Greater Spotted Eagle

Clanga clanga



59-71 cm


M 1500-1900 g, F 1800-2500 g


Monotypic Aquila Clanga (Pallas, 1811)

Short Description:

The greater spotted eagle (Clanga clanga), occasionally just called the spotted eagle, is a large bird of prey. Like all typical eagles, it belongs to the family Accipitridae. The scientific name clanga is from Ancient Greek κλαγγή, "scream". The eagle is 59–71 cm (23–28 in) in length and has a wingspan of 157–179 cm (5.15–5.87 ft). Typical body mass is 1.6–2.5 kg (3.5–5.5 lb), with an occasional big female weighing up to 3.2 kg (7.1 lb). There is often a less obvious white patch on the upperwings, but a light crescent on the primary remiges is a good field mark. The white V mark on the rump is less clear-cut in adults than in the lesser spotted eagle (C. pomarina). The juvenile has white spots all over its wings and lacks a lighter nape patch. The call is a dog-like yip.  This medium-sized eagle is very similar in general appearance to its closest relative the lesser spotted eagle, which shares part of its range. Head and wing coverts are very dark brown and contrast with the generally medium brown plumage; the lesser spotted eagle has a paler head and wing coverts. The head is small for an eagle. The similarities of the greater spotted to the lesser spotted often results in misidentification as being that species. This is further complicated by occasional hybrids between the two species. In winter, it occurs in the range of the Indian spotted eagle (C. hastata). From this recently validated relative, it can be distinguished by the darker color and lighter eye (not darker than the body plumage at distance, lighter at close range), and in juveniles, the strong spotting. It is also a bit larger – though this cannot be reliably estimated in the field – and in the winter quarters prefers wetland habitat. This is a species of wooded country. The population is entirely migratory. It breeds from northern Europe eastwards across Eurasia, and winters in south-eastern Europe, north-eastern Africa, the Middle East and the Indian Subcontinent. Migration to the breeding grounds takes place fairly late; in Bhutan, for example, birds can be seen with some regularity until the end of March. In its winter range, the species is more social than when breeding. Small flocks of up to ten birds or so, of varying age, can be seen to patrol the land together. They also associate with other Accipitridae such as local and/or migrant black kites (Milvus migrans lineatus and govinda) or steppe eagles (A. nipalensis), distinctly smaller and larger raptors, respectively.  In Pakistan, Greater Spotted Eagles are common winter visitor, preferring vicinity of large lakes, barrage headponds and large canals. Rare breeder in better wooded parts of Sind. Few Breeding records from Head Marala.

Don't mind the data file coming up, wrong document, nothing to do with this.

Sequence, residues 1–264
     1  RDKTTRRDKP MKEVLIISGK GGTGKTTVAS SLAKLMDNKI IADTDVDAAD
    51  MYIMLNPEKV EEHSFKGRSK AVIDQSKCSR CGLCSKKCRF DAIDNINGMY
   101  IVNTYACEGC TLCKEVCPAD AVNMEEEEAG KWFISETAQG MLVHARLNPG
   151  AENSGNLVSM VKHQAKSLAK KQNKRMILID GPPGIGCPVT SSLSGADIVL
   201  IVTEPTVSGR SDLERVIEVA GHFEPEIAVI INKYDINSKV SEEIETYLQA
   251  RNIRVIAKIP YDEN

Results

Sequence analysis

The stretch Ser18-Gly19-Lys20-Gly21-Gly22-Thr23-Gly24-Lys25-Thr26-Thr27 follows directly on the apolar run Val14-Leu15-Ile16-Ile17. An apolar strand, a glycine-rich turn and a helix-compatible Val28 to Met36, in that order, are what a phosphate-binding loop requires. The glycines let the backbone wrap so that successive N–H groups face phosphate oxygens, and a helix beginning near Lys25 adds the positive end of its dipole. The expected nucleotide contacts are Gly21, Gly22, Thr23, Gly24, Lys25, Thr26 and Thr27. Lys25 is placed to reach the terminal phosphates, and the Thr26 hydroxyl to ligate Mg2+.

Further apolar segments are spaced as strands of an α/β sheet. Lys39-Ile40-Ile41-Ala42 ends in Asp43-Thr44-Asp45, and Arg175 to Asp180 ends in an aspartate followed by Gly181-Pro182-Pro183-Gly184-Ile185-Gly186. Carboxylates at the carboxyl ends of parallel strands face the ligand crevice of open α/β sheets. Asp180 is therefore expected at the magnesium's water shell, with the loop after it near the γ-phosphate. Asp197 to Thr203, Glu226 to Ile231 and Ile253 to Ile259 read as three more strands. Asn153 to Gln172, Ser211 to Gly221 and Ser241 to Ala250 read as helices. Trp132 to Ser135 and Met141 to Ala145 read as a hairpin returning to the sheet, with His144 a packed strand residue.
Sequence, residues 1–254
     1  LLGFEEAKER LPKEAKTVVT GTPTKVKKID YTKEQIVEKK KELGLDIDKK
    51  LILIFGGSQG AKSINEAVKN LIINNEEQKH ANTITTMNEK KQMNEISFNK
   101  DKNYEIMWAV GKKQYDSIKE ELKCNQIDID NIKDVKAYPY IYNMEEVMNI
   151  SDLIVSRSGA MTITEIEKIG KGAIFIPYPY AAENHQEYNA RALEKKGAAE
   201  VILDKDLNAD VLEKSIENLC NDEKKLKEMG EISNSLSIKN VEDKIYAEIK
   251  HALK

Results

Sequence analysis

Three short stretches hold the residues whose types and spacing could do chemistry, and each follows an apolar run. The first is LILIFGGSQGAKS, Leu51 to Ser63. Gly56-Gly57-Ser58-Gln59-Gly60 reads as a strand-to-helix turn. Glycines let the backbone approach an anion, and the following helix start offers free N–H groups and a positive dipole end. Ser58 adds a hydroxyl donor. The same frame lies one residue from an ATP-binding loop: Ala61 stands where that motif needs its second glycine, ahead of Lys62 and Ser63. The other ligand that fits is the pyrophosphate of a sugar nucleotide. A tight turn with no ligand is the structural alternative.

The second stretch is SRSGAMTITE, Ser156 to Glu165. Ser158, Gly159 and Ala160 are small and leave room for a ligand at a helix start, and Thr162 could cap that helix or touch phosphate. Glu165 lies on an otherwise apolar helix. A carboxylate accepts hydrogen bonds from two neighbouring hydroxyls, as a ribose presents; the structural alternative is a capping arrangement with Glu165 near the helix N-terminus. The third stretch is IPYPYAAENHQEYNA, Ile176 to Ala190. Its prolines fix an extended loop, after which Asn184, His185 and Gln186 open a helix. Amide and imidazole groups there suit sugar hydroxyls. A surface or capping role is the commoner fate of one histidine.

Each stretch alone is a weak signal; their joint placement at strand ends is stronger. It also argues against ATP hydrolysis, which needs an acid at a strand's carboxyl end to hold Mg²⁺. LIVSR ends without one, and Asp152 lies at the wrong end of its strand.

Far far away, behind the word mountains, far from the countries Vokalia and Consonantia, there live the blind texts. Separated they live in Bookmarksgrove right at the coast
Lahore, Bahawalpur ,Rahim Yar Khan, Kasur, Faisalabad, Multan, Attock,Chakwal,Gujranwala,Gujrat,Hafizabad,Jhang,Jhelum,Khanewal,Khushab,Mandi Baha Uddin, Mainsail, Narowal, Nankana Sahib, Rawalpindi, Sargodha,Sialkot, Toba Tek Singh, Badin, Karachi Central, Khairpur
Greater Spotted Eagle (Clanga clanga) is a majestic bird of prey known for its versatile hunting strategies and territorial behavior. Primarily a solitary hunter, it preys on small mammals, birds, and occasionally reptiles, often hunting from a perch or while flying low over open areas. During the breeding season, Greater Spotted Eagles fiercely defend their nesting territories, engaging in aerial displays and vocalizations to deter intruders. They construct large stick nests in forested areas, near wetlands or open habitats, where both parents participate in incubating the eggs and caring for the young. As migratory birds, they undertake long-distance journeys between breeding and wintering grounds, showcasing their adaptability to diverse environments. Overall, the Greater Spotted Eagle’s behavior reflects its prowess as a skilled hunter and its commitment to ensuring the survival of its offspring.
Far far away, behind the word mountains, far from the countries Vokalia and Consonantia, there live the blind texts. Separated they live in Bookmarksgrove right at the coast

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